Digging down into why your sales productivity is increasing or decreasing over time will help you move steadily towards peak efficiency, which should be your goal as a sales professional.

Why? Because when you are extraordinarily efficient, you have options. 

You can choose to work the same number of hours with the higher per hour rate, thereby earning more in total. 

Or, you can choose to dial back your work hours and spend more time doing other things like hanging with friends, traveling, or working on a side project. 

The Challenges of Sales Productivity 

Sales reps have a lot on their plates. In general, about one-third of their time is spent actually selling.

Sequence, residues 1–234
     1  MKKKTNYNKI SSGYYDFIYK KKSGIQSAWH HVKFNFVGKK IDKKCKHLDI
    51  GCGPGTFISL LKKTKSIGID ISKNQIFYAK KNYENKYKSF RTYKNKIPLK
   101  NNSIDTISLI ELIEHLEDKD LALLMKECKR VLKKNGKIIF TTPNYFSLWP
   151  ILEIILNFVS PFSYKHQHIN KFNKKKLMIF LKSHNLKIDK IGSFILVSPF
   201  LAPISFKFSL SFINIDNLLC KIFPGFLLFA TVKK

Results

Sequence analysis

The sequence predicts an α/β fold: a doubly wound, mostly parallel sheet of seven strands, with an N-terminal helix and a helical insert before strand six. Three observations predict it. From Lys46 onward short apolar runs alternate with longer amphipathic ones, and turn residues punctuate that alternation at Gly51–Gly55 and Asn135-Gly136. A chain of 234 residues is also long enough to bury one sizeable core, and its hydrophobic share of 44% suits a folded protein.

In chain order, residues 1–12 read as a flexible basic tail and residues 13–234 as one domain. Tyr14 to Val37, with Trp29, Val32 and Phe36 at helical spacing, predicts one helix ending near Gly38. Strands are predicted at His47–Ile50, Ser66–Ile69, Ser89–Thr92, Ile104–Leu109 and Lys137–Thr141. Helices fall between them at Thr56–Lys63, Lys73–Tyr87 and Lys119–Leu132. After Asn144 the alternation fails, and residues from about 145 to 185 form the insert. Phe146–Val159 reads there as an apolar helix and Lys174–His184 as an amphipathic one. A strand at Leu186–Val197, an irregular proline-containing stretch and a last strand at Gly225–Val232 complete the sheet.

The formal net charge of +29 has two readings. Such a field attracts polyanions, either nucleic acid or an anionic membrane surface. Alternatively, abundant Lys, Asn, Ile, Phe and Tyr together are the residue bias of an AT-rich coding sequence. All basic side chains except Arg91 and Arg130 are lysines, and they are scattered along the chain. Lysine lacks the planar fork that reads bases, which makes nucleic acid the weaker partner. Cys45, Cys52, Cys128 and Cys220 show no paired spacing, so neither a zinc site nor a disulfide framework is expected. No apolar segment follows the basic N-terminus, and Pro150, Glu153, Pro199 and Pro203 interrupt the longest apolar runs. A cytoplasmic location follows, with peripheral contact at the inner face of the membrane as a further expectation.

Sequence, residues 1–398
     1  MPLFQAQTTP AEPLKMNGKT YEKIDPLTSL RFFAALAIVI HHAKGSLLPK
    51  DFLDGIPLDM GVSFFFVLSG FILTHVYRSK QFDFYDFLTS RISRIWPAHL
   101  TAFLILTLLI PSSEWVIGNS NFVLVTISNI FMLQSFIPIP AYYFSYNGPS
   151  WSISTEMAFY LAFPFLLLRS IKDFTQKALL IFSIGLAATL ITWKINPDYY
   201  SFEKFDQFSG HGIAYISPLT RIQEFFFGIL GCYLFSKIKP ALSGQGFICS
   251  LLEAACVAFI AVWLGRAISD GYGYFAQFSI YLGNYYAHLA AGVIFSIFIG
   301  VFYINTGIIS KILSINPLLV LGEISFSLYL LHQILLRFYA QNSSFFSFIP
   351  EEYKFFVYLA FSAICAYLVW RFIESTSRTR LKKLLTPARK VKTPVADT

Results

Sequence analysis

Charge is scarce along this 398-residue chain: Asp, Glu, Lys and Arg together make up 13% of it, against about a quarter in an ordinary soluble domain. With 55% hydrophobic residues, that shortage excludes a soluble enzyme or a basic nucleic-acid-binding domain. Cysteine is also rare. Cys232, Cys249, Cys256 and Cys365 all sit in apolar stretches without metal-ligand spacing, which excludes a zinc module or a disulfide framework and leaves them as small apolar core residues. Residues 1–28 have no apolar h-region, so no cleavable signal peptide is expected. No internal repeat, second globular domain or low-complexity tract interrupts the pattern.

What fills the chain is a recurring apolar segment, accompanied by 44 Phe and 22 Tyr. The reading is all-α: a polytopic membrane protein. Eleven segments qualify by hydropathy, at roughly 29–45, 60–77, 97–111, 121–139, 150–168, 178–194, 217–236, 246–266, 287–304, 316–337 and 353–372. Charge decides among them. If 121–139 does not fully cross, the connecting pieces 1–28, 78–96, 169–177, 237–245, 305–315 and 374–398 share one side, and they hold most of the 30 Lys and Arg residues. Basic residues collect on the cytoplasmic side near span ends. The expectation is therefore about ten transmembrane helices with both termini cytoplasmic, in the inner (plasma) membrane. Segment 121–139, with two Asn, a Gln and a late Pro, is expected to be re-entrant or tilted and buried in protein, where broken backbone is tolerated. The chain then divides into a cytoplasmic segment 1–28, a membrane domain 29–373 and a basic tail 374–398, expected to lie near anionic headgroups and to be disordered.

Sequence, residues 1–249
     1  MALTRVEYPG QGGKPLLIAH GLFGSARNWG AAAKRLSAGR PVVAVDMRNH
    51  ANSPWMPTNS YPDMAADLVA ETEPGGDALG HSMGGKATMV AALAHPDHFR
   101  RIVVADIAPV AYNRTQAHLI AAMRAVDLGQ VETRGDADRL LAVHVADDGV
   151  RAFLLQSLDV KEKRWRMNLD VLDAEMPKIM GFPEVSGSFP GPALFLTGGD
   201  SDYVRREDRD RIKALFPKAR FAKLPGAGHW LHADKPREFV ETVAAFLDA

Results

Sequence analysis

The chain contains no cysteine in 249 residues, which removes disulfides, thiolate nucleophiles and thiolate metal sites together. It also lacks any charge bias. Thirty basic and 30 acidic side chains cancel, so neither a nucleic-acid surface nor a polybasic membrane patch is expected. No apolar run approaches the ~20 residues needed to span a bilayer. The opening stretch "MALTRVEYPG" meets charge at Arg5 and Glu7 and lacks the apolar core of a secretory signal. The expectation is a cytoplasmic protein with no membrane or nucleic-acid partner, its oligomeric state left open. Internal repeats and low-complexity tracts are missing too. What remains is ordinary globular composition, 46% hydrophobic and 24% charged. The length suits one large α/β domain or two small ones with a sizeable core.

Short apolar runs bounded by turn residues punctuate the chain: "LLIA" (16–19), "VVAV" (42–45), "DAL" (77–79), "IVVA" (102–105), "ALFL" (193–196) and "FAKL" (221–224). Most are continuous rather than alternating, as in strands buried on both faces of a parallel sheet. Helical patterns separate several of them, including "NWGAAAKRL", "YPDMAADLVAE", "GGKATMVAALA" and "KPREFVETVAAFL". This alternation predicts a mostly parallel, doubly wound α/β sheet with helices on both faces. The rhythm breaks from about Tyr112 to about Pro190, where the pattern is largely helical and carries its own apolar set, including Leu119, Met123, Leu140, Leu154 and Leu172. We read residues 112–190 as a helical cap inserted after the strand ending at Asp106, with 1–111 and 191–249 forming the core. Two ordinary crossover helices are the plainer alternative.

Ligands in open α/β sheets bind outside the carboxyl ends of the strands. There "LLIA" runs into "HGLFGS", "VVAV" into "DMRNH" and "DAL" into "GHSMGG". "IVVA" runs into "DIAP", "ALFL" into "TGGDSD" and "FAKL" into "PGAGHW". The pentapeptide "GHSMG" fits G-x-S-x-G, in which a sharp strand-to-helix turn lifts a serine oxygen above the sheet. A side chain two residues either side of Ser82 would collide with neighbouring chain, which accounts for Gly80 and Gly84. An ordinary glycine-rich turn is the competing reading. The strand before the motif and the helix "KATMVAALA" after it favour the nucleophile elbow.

The rest is divided between attending internal meetings, updating CRMs, sourcing leads, doing research, and other administrative work. 

All of these responsibilities make it difficult to attain high productivity. 

sales productivity challenges

Sometimes, sales managers struggle to increase sales productivity. They know how important improving it is to their company’s health. They know it’s a must-do. 

Still, that obsession over the metric can lead them astray. 

Sometimes, in a rush, they will opt for expedient methods — methods that just don’t work. Here are some examples of things to avoid doing when trying to improve sales productivity. 

  • Raising Quotas Without Making Other Changes: Never raise your reps’ quotas without giving them new means for achieving those quotas. It will only raise the number of hours worked, not productivity — while causing burnout and internal dissension.
  • Implementing New Training Without Understanding SDR’s Sales Process: Managers need to understand which parts of their sales process are lagging and why in order to choose the right training.